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2019 Detroit Lions roster review: Is Rashaan Melvin the answer at CB2?

Will the Lions’ never-ending search for a No. 2 cornerback ever cease?

Detroit Lions v Philadelphia Eagles Photo by Mitchell Leff/Getty Images

It seems like we’re always talking about the Detroit Lions’ need for a No. 2 cornerback. Whether it was upgrading the still-interception-less Nevin Lawson or just finding someone who can complement Darius Slay, the Lions have shuffled inadequate player after inadequate player at CB2 and then proceed to head into the following offseason in the hopes of another upgrade.

Unfortunately, 2019 appeared to be a re-run. The player was the different, but the results were mostly the same.

Let’s take a closer look at the impending free agency of cornerback Rashaan Melvin

Previously in this series: Miles Killebrew (click here)

Rashaan Melvin

Expectations before 2019

When the Lions signed Melvin to a one-year, $2.15 million deal, it was pretty clear he was on “prove-it” status. The No. 2 cornerback job was his to lose, but there was belief that Melvin could just as easily lose his job to “looking-better-than-ever” Teez Tabor or even fifth-round rookie Amani Oruwariye. However, an early injury to Tabor essentially handed Melvin the job.

Entering the season, many were conflicted on what to think of Melvin. He was coming off a terrible year in Oakland, but many—including Melvin himself—believed that was simply a product of coaches not playing him to his own strengths. There was promise in Melvin’s play from his time with the Colts, and his previous stint with the Patriots had some believing he’d slide right in and actually provide some consistent play.

Actual role in 2018

2019 Stats: 13 games (12 starts): 68 tackles, 11 passes defended
PFF Grade: 55.4 (67 of 83* qualifying cornerbacks)

*had to play at least 50% of snaps

Melvin got off to an extremely promising start, notching five passes defended in his first two games with Detroit. Unfortunately, his play would quickly drop off.

His big, physical nature made him a solid player in run defense and a good matchup against big-bodied No. 2 wide receivers, but the numbers pretty much tell the entire story. He allowed 52 receptions for 750 yards and four touchdowns and a passer rating of 110.6—the worst in his career as a starter. Yes, even worse than his year with the Raiders.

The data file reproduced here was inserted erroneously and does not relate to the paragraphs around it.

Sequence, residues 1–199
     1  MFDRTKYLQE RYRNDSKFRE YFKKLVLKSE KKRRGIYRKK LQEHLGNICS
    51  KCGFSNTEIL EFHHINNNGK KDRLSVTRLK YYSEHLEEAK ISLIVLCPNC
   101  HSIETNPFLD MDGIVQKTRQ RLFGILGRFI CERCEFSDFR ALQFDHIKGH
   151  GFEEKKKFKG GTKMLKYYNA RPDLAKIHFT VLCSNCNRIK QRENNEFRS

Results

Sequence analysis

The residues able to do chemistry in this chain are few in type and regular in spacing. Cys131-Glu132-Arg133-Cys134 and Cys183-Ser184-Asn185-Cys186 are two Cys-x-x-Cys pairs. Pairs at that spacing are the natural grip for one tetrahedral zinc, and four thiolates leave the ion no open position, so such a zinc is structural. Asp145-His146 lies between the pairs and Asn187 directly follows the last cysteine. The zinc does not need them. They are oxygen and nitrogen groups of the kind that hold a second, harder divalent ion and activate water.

Toward the end of the season, it looked like fifth-round rookie Amani Oruwariye was going to take his job, but Melvin won it back after fighting through a nagging rib injury.

What should the Lions do with him?

Contract Status: Unrestricted free agent

The case for re-signing:

In terms of physical nature, Melvin is everything the Lions want in a No. 2 corner. He’s big, he long, and he’s got a good amount of speed to go with him.

As for the poor results on the field, Melvin was given a tough draw with Detroit’s lack of a pass rush. He was often asked to cover for longer than should be expected of a big, strong corner, so it’s no surprise he allowed so many catches.

Additionally, 11 passes broken up in just 13 games is actually a fairly significant upgrade from previous years. Nevin Lawson had nine passes broken up in the previous two seasons combined, despite starting 14 and 15 games respectively.

Also, Melvin should come fairly cheap. He didn’t do much to earn a pay raise and $2.15 million is a discount price to pay for a corner capable of starting. Bringing him back and throwing him into competition with a second-year Amani Oruwariye could net some positive results, especially if the Lions can help him out with some pass rush in 2020.

The case for letting him walk:

With Darius Slay’s future in the balance, the Lions need to get very serious about upgrading their cornerback position. No more half-measures. No more “he’s got big upside” signings. The Lions, who had one of the worst pass defenses in the league, need guys that are definitively good, and that means moving on from guys like Melvin.

We know by now that the Lions prioritize coverage over pass rush, and now it’s time to show it at cornerback. They need to make a splash move at the position, whether it’s through free agency, via a trade or using their top pick on a cornerback.

The Lions may already have someone better than Melvin in Oruwariye. Since he’s on a cheap rookie deal, it’s time for the Lions to go spending on a top-tier CB2.

My thoughts:

I wouldn’t mind the Lions bringing back Melvin on an affordable deal for the team, but Detroit should not go into 2020 believing Melvin will be a starter. Let him compete for the job and give him a real chance in training camp, but the Lions absolutely need more talent at the position and can’t afford to go into next season with Slay, Oruwariye and Melvin as their top three outside corner options.

Overall, I think it’s probably best to simply move on. Keep Slay for another year if you can, continue to build confidence in Oruwariye, and either bring a Day 1 or 2 pick into the fold or sign a veteran free agent (Logan Ryan) to do work beside Slay while Oruwariye comes along.


What should the Lions do with Rashaan Melvin?

This poll is closed

  • 44%
    Re-sign him
    (453 votes)
  • 55%
    Let him walk
    (573 votes)
1026 votes total Vote Now

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After winning their first NFC North title in 30 years, the Lions have unfinished business this offseason. Stay updated with Jeremy Reisman through Pride of Detroit Direct, our newsletter offering up exclusive analysis. Sign up with NFCNORTH30 to get 30% off after your free trial.